Ancient origin and recent innovations of RNA polymerase IV and V

Yi Huang, Timmy Kendall, Evan S. Forsythe, Ana Dorantes-Acosta, Shaofang Li, Juan Caballero-Pérez, Xuemei Chen, Mario Arteaga-Vázquez, Mark A. Beilstein, Rebecca A. Mosher

Research output: Contribution to journalArticlepeer-review

50 Scopus citations


Small RNA-mediated chromatin modification is a conserved feature of eukaryotes. In flowering plants, the short interfering (si)RNAs that direct transcriptional silencing are abundant and subfunctionalization has led to specialized machinery responsible for synthesis and action of these small RNAs. In particular, plants possess polymerase (Pol) IV and Pol V, multi-subunit homologs of the canonical DNA-dependent RNA Pol II, as well as specialized members of the RNA-dependent RNA Polymerase (RDR), Dicer-like (DCL), and Argonaute (AGO) families. Together these enzymes are required for production and activity of Pol IV-dependent (p4-)siRNAs, which trigger RNA-directed DNA methylation (RdDM) at homologous sequences. p4-siRNAs accumulate highly in developing endosperm, a specialized tissue found only in flowering plants, and are rare in nonflowering plants, suggesting that the evolution of flowers might coincide with the emergence of specialized RdDM machinery. Through comprehensive identification of RdDM genes from species representing the breadth of the land plant phylogeny, we describe the ancient origin of Pol IV and Pol V, suggesting that a nearly complete and functional RdDM pathway could have existed in the earliest land plants. We also uncover innovations in these enzymes that are coincident with the emergence of seed plants and flowering plants, and recent duplications that might indicate additional subfunctionalization. Phylogenetic analysis reveals rapid evolution of Pol IV and Pol V subunits relative to their Pol II counterparts and suggests that duplicates were retained and subfunctionalized through Escape from Adaptive Conflict. Evolution within the carboxy-terminal domain of the Pol V largest subunit is particularly striking, where illegitimate recombination facilitated extreme sequence divergence.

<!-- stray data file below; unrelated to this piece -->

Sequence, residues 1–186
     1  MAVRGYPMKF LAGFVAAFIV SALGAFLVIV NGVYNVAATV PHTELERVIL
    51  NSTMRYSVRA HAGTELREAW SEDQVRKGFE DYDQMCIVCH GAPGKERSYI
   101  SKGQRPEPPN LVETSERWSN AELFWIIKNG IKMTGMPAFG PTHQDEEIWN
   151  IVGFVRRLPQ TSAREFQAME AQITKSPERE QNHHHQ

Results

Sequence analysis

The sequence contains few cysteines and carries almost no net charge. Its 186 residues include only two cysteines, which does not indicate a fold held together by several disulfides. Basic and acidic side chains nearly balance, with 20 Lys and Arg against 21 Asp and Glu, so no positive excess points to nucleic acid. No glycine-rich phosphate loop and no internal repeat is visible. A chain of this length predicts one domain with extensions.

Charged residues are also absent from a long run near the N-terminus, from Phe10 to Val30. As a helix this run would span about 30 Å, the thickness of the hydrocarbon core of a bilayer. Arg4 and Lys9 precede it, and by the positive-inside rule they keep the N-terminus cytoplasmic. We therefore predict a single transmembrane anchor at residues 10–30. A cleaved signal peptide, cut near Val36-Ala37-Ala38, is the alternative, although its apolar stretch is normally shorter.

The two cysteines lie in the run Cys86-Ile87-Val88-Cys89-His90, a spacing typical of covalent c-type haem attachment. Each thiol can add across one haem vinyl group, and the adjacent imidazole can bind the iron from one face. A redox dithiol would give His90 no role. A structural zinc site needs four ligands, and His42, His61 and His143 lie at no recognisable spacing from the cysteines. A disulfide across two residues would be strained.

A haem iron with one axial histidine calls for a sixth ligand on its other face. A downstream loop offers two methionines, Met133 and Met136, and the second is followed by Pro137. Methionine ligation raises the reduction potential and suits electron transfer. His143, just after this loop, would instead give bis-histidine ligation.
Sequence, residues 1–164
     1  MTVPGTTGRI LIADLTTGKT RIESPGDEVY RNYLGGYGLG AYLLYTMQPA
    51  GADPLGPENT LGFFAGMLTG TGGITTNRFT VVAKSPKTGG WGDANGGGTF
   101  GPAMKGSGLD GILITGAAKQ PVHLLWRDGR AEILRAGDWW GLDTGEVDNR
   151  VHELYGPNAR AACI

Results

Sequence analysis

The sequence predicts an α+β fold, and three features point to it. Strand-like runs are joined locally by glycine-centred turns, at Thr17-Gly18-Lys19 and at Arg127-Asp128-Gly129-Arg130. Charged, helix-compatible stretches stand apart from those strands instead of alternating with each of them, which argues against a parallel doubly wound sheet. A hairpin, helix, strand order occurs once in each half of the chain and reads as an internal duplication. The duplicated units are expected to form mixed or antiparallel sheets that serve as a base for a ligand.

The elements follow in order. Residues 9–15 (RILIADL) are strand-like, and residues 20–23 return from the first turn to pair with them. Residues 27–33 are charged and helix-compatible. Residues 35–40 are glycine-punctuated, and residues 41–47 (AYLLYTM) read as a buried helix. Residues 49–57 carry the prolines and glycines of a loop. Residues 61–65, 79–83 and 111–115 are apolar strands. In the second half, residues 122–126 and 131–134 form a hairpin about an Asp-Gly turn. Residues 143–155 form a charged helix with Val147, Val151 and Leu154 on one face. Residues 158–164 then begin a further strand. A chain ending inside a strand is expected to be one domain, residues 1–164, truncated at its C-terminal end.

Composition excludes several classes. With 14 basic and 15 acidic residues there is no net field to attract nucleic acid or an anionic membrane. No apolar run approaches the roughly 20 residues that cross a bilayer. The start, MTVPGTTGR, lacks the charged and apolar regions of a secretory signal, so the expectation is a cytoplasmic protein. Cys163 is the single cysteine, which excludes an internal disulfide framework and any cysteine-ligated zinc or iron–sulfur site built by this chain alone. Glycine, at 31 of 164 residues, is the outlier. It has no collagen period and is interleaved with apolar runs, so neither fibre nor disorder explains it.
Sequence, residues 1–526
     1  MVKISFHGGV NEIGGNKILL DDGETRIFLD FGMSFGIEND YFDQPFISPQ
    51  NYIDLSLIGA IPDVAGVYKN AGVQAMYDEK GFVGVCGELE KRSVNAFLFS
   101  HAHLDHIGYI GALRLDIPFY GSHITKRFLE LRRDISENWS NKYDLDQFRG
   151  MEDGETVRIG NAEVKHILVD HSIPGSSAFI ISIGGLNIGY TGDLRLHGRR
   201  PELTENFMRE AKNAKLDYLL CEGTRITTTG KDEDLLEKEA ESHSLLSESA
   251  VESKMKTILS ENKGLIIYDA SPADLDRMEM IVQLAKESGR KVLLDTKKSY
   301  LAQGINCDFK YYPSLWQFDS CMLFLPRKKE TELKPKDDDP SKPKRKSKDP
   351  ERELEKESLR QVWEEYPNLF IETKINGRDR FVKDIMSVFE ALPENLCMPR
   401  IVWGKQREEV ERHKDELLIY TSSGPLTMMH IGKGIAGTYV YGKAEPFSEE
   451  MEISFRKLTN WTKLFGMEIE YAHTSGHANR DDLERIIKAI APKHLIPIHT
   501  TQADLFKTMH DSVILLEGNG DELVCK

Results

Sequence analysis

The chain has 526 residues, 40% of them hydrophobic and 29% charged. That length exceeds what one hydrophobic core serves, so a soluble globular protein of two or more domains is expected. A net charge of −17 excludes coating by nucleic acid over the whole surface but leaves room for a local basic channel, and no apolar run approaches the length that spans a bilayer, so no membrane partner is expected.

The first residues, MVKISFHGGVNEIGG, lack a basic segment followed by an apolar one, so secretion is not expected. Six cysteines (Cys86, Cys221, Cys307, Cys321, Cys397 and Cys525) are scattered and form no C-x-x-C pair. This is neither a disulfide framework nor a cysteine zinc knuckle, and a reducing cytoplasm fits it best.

Original languageEnglish (US)
Pages (from-to)1788-1799
Number of pages12
JournalMolecular biology and evolution
Issue number7
StatePublished - Jul 1 2015


  • Escape from Adaptive Conflict
  • Gene duplication
  • RNA Polymerase IV
  • RNA Polymerase V
  • RNA Silencing
  • small RNA-directed DNA methylation

ASJC Scopus subject areas

  • Ecology, Evolution, Behavior and Systematics
  • Molecular Biology
  • Genetics


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